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Recorded for Poem-a-Day, May 29, 2018.
About this Poem 

“This poem is part of a series/in-progress manuscript that includes mixtape poems, glossaries, and epistolaries to ‘some brown girl,’ one who finds herself to be invisible in the pages of literary works. This ‘brown girl’ resists being a flatly written sidepiece (as we see in the few popular culture depictions) and insists upon exploring her own rich interior life.”
—Barbara Jane Reyes

Brown Girl Has Walked Into the Wild, Palms Open

		See how she lists. The body is bent as light, as wind will it.
And so you must tread light. Mind the rocks under foot. You must tread slow.
There has been drought; see where water has long ago troughed, has carved her.
		See how she branches, twisting, her many hands reaching.
Her roots also reach, sweetened from reaching. When fire arrives, she toughens.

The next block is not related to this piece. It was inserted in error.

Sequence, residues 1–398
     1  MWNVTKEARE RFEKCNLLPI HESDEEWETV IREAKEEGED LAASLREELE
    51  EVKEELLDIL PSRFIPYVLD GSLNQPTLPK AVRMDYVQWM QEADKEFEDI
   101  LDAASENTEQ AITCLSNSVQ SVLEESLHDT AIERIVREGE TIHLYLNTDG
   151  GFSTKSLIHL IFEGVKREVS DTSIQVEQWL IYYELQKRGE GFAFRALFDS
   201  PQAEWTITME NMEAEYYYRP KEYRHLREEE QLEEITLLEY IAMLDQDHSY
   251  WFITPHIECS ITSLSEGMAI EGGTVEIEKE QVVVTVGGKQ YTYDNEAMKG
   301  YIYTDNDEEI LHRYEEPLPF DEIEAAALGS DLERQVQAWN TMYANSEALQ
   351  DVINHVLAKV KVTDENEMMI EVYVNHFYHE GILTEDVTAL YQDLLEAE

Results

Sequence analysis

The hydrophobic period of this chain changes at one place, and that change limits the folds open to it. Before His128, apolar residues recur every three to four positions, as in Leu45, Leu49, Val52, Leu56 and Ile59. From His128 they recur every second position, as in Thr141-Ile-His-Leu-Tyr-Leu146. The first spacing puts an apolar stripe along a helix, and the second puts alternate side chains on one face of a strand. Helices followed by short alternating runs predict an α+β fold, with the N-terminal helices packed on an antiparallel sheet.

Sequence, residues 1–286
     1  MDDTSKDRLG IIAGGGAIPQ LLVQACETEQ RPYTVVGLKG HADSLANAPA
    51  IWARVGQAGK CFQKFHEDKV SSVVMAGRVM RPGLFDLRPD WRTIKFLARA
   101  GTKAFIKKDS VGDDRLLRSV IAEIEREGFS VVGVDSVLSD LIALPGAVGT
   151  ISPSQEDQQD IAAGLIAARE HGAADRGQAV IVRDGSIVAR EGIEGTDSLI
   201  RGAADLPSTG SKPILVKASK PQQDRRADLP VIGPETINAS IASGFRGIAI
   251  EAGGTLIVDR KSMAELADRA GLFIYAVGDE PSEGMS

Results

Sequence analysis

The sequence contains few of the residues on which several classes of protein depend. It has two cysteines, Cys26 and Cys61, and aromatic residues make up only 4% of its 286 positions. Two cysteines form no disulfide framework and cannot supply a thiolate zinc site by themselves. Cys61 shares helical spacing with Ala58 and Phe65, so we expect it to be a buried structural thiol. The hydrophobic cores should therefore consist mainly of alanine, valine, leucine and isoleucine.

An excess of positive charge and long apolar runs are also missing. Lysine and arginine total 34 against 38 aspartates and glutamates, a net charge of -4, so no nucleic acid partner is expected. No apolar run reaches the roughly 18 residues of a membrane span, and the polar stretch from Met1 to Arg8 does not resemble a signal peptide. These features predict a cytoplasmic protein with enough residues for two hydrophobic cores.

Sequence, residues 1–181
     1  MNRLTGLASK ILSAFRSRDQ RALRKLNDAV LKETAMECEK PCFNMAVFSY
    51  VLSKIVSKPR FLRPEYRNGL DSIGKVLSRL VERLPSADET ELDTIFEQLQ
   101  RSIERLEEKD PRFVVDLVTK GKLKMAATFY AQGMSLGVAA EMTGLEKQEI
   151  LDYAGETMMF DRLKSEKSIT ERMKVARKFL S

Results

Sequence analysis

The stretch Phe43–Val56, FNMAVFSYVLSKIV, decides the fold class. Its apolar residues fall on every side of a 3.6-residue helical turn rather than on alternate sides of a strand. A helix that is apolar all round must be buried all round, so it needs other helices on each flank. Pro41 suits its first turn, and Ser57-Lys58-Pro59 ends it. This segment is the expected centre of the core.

She will slough away the thick. She will be slick, and dark beneath the rough.
She will mimic the fire her bones remember. Know her bones glisten.
		See how she rests. The body will fall, as time wills it.
See how it hollows, how her pieces return to earth.
	And from her thick trunk, mushrooms cluster—
			Her belly a nest of moss and poison.
When broken open, see what of her mother she has kept,
			what of her father, what of the stars.

Copyright © 2018 by Barbara Jane Reyes. Originally published in Poem-a-Day on May 29, 2018, by the Academy of American Poets.

Copyright © 2018 by Barbara Jane Reyes. Originally published in Poem-a-Day on May 29, 2018, by the Academy of American Poets.

Barbara Jane Reyes

Barbara Jane Reyes

Born in Manila, Philippines, and raised in the San Francisco Bay Area, her second book, poeta en san francisco received the 2005 James Laughlin Award.

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